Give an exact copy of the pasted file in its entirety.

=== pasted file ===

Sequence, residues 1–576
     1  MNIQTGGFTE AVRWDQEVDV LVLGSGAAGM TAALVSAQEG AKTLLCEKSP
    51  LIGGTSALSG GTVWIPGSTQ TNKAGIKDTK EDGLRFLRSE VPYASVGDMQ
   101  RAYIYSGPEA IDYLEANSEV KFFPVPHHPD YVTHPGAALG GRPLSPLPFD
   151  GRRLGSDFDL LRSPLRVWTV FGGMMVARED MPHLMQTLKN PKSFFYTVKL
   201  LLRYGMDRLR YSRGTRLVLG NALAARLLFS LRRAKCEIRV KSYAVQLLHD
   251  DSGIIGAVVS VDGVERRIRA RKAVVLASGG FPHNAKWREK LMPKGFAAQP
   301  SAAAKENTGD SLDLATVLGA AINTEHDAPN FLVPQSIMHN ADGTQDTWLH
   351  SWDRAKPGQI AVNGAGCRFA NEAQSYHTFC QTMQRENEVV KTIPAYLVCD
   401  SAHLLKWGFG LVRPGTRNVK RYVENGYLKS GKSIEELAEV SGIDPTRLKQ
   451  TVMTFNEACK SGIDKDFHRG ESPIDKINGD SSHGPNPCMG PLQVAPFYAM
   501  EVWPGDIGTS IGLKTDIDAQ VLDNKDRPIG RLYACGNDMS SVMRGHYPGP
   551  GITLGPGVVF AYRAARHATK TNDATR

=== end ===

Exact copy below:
Sequence, residues 1–576
     1  MNIQTGGFTE AVRWDQEVDV LVLGSGAAGM TAALVSAQEG AKTLLCEKSP
    51  LIGGTSALSG GTVWIPGSTQ TNKAGIKDTK EDGLRFLRSE VPYASVGDMQ
   101  RAYIYSGPEA IDYLEANSEV KFFPVPHHPD YVTHPGAALG GRPLSPLPFD
   151  GRRLGSDFDL LRSPLRVWTV FGGMMVARED MPHLMQTLKN PKSFFYTVKL
   201  LLRYGMDRLR YSRGTRLVLG NALAARLLFS LRRAKCEIRV KSYAVQLLHD
   251  DSGIIGAVVS VDGVERRIRA RKAVVLASGG FPHNAKWREK LMPKGFAAQP
   301  SAAAKENTGD SLDLATVLGA AINTEHDAPN FLVPQSIMHN ADGTQDTWLH
   351  SWDRAKPGQI AVNGAGCRFA NEAQSYHTFC QTMQRENEVV KTIPAYLVCD
   401  SAHLLKWGFG LVRPGTRNVK RYVENGYLKS GKSIEELAEV SGIDPTRLKQ
   451  TVMTFNEACK SGIDKDFHRG ESPIDKINGD SSHGPNPCMG PLQVAPFYAM
   501  EVWPGDIGTS IGLKTDIDAQ VLDNKDRPIG RLYACGNDMS SVMRGHYPGP
   551  GITLGPGVVF AYRAARHATK TNDATR